A Bit of Seriousness…Again?!?!


It is with deep sorrow, and a little fear as I clutch my Michael Kiwanuka tickets for tomorrow, that I extend my condolences to the people of London, Manchester and Manila. The threat of terrorism is unfortunately an uncomfortable reality that hangs over high-profile, popular events and locations. We should be able to gather for work and enjoy entertainment without fear that we may not return home. I’m not going to leave this post up long…I’ll probably delete it soon because I don’t want to dwell on dark topics…but I wanted to express sympathy to those of you who may have been affected, or know someone who was.

It’s not something new. It’s been present in our literature, cinema and art for longer than Guy Fawkes masks have been around. Thomas Harris’s first book wasn’t about Hannibal Lector; it was a 1975 thriller about the race to stop a blimp from bombing the Super Bowl.

Throughout my childhood, the specter of hijackings hanged over the act of flying but the first time terrorism really registered as something in my consciousness occurred as a kid, visiting London in the 80s at the end of the Troubles, when unable to return to our hotel because of a bomb threat. Then, during high school, the attacks in Oklahoma City and at our own Olympic Games in Atlanta captured our attention. And though I knew about it, the sarin attack in Tokyo occurred but the gravity and reality of it didn’t really hit me until I found myself in Kasumigaseki station many years later.

The events of September 11th didn’t really surprise me. I had been in the lounge at the top of one of the towers of the World Trade Center 6 months before, watching the birds circling below my feet and wondering what would happen if a plane was lost in the city. It had happened before, and it has happened since. Usually by accident, but it wasn’t hard to imagine an event where it wasn’t. And over the past 18 years, whether it be Bangkok, or Nairobi, or Paris with frustrating regularity there seems to be another attack which has me concerned about friends I met at that location, or family I know who frequent it, or friends of friends, or friends of friends of friends.

I work in DC, next to the Navy Yard, and was at work when a laid off contractor slipped through security and killed 13 people, one of whom had been evacuated but succumbed to his injuries in front of the CVS. We were locked down that day, just as our kids were last year when a divorced security guard started killing random people in parking lots around Montgomery County. That reminded my neighbors of the heightened fears during the DC sniper events since one of the shootings occurred at the gas station a block from here. I’m pretty jaded now.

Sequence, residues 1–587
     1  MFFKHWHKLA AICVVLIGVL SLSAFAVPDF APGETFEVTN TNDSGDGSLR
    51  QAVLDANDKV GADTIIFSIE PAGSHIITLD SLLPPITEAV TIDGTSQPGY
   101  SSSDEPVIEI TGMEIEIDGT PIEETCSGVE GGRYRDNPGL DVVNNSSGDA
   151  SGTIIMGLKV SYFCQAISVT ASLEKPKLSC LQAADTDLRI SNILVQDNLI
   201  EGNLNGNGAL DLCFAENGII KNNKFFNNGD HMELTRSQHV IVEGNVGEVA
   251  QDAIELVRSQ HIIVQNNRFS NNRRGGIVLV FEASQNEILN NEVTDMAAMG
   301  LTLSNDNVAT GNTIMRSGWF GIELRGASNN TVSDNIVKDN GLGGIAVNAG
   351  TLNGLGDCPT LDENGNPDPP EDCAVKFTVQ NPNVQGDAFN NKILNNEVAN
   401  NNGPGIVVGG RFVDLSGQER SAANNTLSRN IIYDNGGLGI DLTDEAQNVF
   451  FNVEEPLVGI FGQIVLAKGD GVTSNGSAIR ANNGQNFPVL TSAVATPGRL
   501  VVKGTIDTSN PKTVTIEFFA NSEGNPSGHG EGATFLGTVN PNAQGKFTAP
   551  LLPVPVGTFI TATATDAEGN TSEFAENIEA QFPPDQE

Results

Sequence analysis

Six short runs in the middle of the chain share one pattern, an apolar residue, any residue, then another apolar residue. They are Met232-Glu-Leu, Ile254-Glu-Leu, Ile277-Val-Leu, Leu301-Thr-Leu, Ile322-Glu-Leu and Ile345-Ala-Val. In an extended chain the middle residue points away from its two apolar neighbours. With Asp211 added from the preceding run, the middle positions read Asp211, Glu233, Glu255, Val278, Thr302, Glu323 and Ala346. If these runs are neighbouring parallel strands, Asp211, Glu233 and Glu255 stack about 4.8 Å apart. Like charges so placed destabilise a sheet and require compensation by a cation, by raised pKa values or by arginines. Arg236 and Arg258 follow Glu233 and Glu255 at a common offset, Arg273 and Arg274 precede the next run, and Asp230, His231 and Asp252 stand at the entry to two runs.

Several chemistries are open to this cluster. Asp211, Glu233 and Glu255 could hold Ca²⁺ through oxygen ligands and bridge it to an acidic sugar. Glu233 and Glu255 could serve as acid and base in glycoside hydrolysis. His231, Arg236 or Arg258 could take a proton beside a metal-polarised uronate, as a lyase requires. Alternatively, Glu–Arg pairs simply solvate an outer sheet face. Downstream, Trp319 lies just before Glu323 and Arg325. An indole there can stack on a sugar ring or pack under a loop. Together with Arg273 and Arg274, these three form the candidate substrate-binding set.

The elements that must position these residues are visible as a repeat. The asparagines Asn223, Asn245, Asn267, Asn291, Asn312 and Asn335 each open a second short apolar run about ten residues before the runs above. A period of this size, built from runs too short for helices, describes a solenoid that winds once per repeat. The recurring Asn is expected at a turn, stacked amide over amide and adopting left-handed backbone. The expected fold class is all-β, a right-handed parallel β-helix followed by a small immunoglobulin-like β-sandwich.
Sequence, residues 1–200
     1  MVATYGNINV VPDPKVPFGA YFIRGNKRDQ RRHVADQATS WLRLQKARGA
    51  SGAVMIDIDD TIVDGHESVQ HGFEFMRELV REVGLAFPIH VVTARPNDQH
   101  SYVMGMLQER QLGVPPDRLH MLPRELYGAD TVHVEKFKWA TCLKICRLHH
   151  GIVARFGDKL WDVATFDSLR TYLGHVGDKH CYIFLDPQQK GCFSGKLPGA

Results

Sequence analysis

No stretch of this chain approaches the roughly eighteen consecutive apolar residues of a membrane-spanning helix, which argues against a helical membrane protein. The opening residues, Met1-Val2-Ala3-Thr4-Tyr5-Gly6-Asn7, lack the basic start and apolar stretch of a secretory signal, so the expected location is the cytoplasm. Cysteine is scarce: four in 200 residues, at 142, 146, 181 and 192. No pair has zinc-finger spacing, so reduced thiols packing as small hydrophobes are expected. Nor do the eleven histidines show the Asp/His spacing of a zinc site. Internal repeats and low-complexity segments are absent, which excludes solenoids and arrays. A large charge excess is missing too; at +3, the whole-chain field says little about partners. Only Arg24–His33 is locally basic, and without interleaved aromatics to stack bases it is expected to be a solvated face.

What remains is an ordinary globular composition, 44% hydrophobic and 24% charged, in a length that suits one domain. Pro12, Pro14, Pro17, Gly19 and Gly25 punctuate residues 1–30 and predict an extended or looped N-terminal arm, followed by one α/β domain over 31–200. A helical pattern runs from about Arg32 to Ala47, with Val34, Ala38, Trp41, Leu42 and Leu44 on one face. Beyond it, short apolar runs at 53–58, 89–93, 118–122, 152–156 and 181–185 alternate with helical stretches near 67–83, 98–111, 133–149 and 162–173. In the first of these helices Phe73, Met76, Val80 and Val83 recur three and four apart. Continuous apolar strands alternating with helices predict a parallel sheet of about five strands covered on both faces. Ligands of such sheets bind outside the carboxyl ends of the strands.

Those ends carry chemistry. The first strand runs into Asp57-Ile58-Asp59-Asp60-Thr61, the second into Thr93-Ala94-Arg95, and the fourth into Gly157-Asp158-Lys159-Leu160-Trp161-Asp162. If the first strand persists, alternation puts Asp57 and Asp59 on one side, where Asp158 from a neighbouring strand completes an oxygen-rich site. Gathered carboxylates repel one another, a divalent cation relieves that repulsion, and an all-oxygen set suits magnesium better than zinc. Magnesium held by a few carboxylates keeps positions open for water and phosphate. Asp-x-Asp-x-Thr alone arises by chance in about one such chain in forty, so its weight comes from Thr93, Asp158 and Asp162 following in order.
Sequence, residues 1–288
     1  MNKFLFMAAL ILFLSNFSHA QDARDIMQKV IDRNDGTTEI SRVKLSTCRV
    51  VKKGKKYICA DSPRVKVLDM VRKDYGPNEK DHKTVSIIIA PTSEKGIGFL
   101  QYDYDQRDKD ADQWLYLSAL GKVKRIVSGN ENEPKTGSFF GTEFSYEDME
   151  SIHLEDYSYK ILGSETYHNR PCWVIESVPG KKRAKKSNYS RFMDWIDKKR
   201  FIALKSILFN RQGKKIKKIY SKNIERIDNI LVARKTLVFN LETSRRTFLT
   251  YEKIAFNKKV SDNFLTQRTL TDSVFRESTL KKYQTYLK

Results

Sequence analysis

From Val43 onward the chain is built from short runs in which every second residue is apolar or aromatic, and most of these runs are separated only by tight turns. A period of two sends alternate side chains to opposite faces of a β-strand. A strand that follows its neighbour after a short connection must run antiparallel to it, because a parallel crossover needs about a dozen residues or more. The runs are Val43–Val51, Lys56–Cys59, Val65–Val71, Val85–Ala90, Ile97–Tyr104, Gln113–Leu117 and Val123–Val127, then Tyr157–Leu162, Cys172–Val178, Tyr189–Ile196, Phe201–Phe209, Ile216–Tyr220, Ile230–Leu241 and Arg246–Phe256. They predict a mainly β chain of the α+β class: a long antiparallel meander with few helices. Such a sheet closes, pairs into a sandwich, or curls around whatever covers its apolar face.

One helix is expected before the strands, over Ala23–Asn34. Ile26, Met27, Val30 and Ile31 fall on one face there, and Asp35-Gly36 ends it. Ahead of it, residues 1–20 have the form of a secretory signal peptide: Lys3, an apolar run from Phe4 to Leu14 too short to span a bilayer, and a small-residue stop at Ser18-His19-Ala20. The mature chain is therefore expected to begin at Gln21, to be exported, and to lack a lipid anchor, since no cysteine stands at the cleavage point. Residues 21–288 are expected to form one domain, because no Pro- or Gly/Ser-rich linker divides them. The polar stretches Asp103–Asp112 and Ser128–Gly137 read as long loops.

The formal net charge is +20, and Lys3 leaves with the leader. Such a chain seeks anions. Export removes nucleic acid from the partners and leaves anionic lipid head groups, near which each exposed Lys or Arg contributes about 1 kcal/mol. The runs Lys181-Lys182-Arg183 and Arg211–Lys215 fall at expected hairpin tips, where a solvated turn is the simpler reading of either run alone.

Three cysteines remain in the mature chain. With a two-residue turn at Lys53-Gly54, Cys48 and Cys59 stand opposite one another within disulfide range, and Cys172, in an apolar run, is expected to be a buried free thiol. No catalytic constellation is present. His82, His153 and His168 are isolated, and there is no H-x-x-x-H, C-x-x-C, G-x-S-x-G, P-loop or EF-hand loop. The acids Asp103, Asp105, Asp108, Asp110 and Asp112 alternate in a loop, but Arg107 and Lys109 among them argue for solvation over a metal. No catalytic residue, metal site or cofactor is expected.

It is madness, and I offer no advice or answers. I have none. I can only offer my sympathy and hope that this last one was the last one.

Where Has Sumo Gone? – Jungyo! (巡業)


For international Sumo fans, it’s a long wait between the end of the Nagoya basho and the September basho in Tokyo. but in the 2 months between tournaments, for those in Japan, Sumo goes on tour! Referred to as Jungyo (巡業 – Literally, to “make the rounds”), each day  consists of exhibition matches, training sessions demonstrating how Sumotori work out, and sessions where local children square off against Rikishi for fun and entertainment.

The schedule includes a slapstick Sumo bout called “Shokkiri” (しょっきり), which seems to be straight out of the 3 Stooges in places.

These tours in between tournaments helps raise public awareness of Sumo and build the audience for the sport.  It appears to be working, as the popularity of Sumo has risen in Japan during the past few years.

The Sato-Shuffle


Screenshot (168)Kisenosato surprised the world with his dodge of Kotoshogiku. Well, forgive the hyperbole but he sure surprised me…dunno about you all. He’s getting close and yusho talk is picking up. The last time he was 9-0, he actually kept winning until Day 14 when Hakuho put an end to his yusho hopes. He finished 13-2 behind Hakuho’s zensho yusho. This time, though, Hakuho is already one loss back.

But obviously they’ve got several fights before a potential showdown with the yusho on the line. Hakuho will face a weakened Terunofuji who had his hands full of Toyonoshima. Kisenosato will face a Kakuryu hoping for redemption from getting bounced by Goeido of all people. Goeido secured his kachi-khoshi and stays in the yusho mix, tied with Hakuho.

Sadly, Ikioi fell one more loss off pace in an entertaining bout with Harumafuji. No words are needed. The picture below summarizes the bout brilliantly:

Screenshot (167)
Harumafuji (L) vs Ikioi (R)

NekoDamashi x2 + Henka = Angry Japanese Press


Okay, the hilarious Hakuho/Tochiozan match had more going on than I noticed when I watched this morning. I obviously saw the henka but I didn’t notice the hand-clapping. The clap is called neko damashi. Mainoumi, who is frequently the Japanese commentator for NHK, was famous for this move. Apparently the Japanese media is all aflutter because they think the trick is not becoming of a yokozuna, nevermind the fact that he did it twice and topped that with a henka.

Mainoumi could get away with it because he was tiny and needed to pull out all the stops to succeed. This is another bit of silliness.

November 2015: Kakuryu Falls


Kakuryu fell to Goeido in the final match and biggest upset of the day. Previously, Hakuho’s failed henka was the funniest thing I’ve seen in a while. Tochiozan stopped his momentum before falling out, so Hakuho had to run over and shove him a few times to get him out of the ring.

After Shohozan’s loss to Ikioi, Takayasu’s loss to Kyokushuho, and Kisenosato’s loss to Toyonoshima (arguably a bigger upset than Goeido over Kakuryu), Harumafuji stands as the lone competition trailing Hakuho who still controls his own destiny. If Harumafuji wins out, including victories over Hakuho, he will win the tournament.